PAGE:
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Ex-Cambridge Analytica chief feels 'victimized' after Facebook data scandal

Alexander Nix oscillates between regret and recriminations as he gives evidence to UK Parliament.

Screenshot/Katie Collins

Former Cambridge Analytica CEO Alexander Nix told British politicians on Wednesday that he'd been the victim of entrapment and that the media had misrepresented the work of his company.

A Channel 4 documentary that aired in March showed Nix offering to entrap politicians in compromising positions in order to influence the outcome of elections. He even suggested he had previously used Ukrainian sex workers as honeytraps. "I find that works very well," he was shown as saying.

But Nix now says it was "hyperbole" and "a lie" that he had used such tactics in the past.

"We were just telling the client what we thought he wanted to hear," said Nix. "It's something I regret enormously because of the damage it did to the company."

In spite of these regrets, he said that the footage was heavily edited and that the conversation was steered by an undercover reporter trying to entrap him. "They deliberately seeded questions to elicit certain answers," he said.

Channel 4 on Wednesday disputed Nix's version of events.

Channel 4 News

Nix gave evidence to the UK Parliament's Digital, Culture, Media and Sport Committee for a second time this week after Cambridge Analytica was drawn into the scandal involving Facebook user data. He was recalled after the committee heard evidence from other witnesses that raised questions about the accuracy of Nix's testimony.

Nix said he didn't deliberately mislead the committee, even as he admitted that Cambridge Analytica did receive Facebook user data from researcher Aleksandr Kogan -- something he'd previously denied. He thought the committee had originally asked him whether Cambridge Analytica still had the data, he said.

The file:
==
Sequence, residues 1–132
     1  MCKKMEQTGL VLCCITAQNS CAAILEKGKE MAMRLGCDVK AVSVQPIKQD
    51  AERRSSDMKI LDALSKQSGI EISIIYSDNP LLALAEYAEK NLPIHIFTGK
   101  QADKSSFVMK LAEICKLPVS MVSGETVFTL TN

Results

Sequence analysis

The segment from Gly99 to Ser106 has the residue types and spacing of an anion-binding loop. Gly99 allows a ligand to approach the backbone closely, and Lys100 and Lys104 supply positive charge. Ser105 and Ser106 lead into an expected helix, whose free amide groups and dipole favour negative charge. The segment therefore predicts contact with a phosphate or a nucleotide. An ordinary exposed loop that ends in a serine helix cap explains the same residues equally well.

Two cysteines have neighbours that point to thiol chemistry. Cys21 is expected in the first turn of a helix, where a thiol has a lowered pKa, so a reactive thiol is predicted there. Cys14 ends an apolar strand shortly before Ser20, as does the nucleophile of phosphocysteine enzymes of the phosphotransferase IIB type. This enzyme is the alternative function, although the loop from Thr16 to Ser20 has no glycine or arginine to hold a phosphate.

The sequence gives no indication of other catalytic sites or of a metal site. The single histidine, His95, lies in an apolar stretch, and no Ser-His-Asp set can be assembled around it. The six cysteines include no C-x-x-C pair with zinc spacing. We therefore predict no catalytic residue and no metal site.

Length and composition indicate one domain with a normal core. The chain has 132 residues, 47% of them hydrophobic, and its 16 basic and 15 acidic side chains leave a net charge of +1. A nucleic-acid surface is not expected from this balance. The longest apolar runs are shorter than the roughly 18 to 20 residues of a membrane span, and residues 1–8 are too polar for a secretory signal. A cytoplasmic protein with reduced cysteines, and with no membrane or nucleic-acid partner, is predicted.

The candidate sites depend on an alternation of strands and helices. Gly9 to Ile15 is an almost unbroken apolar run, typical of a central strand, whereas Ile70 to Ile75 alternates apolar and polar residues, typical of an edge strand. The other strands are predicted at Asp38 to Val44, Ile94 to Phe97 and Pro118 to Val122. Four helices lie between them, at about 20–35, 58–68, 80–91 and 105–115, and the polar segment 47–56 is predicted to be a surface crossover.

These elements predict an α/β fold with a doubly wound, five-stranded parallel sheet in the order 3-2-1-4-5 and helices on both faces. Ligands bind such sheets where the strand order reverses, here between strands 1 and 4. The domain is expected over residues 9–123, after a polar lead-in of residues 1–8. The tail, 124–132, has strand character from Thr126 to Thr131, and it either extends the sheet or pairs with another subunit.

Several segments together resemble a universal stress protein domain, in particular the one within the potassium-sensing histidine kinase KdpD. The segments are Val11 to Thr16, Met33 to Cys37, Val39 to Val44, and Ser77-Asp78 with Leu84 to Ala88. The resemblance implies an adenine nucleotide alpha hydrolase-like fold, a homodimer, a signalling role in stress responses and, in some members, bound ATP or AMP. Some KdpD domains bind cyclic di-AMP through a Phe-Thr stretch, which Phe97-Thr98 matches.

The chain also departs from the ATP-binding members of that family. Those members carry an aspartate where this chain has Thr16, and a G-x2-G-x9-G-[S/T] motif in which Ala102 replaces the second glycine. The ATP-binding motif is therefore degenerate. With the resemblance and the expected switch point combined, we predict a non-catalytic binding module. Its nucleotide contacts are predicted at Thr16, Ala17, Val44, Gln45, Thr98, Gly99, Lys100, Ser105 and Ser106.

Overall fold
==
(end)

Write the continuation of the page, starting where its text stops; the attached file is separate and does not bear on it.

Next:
He maintained that Cambridge Analytica had played no part in the 2016 Brexit referendum. "It is deeply troubling that this conspiracy theory has gained such traction," he said.

Earlier on Wednesday, a report in the Financial Times also suggested Nix took $8 million from Cambridge Analytica. He denied this during the hearing.

Nix took the opportunity to defend himself and his company and point the finger elsewhere -- primarily at the media (Channel 4 in particular) and at former employees who he claimed had axes to grind. The media's representation of Cambridge Analytica, which shut down at the beginning of May, as a large and powerful multinational was wrong, he said.

"The truth is we are a very small advertising agency that happens to work across a number of sectors, one of which is political campaigns," he said. "Most of our time is spent selling toothpaste and automotive and things like that."

Nix also honed in on evidence provided to press and to the committee by whistleblower and former Cambridge Analytica contractor Chris Wylie, which he said comprised "90 percent" of the media's accusations against him. Wylie was trying to start a rival company without him and pitch the idea to Silicon Valley investors. He characterized Wylie as "resentful" as well as "bitter and jealous."

Wylie did not immediately respond to request for comment.  And Channel 4 on Wednesday disputed Nix's version of events. "We absolutely disagree and reject Mr. Nix's allegation that Channel 4 News "heavily edited" the undercover footage to portray him and Cambridge Analytica "in the worst possible light." We've included Channel 4's full statement above. 

Committee Chair Damian Collins dismissed the idea saying Wylie's evidence was based around documents he had provided, not opinions. "That's what we're basing our questions on," he said. "Evidence that you do not dispute."

At one point, Member of Parliament Brendan O'Hara told Nix that he was attempting to paint himself as the victim when he wasn't one. "What happened if I was the victim?" he said. "If you were sitting where I'm sitting right now, you'd probably feel quite victimized."

On one occasion, Nix was reprimanded by O'Hara for "rudeness and bluster." But the MPs' frustrations were not reserved solely for the ousted CEO.

"We also feel Facebook were not open and honest with the committee with the answers they gave," Collins said, referring to an evidence session attended by Facebook CTO Mike Schroepfer.

Collins has repeatedly requested that the company's CEO Mark Zuckerberg submit to questioning by the committee, but the Facebook chief has rejected the offer on several occasions.

Facebook did not immediately respond to request for comment.

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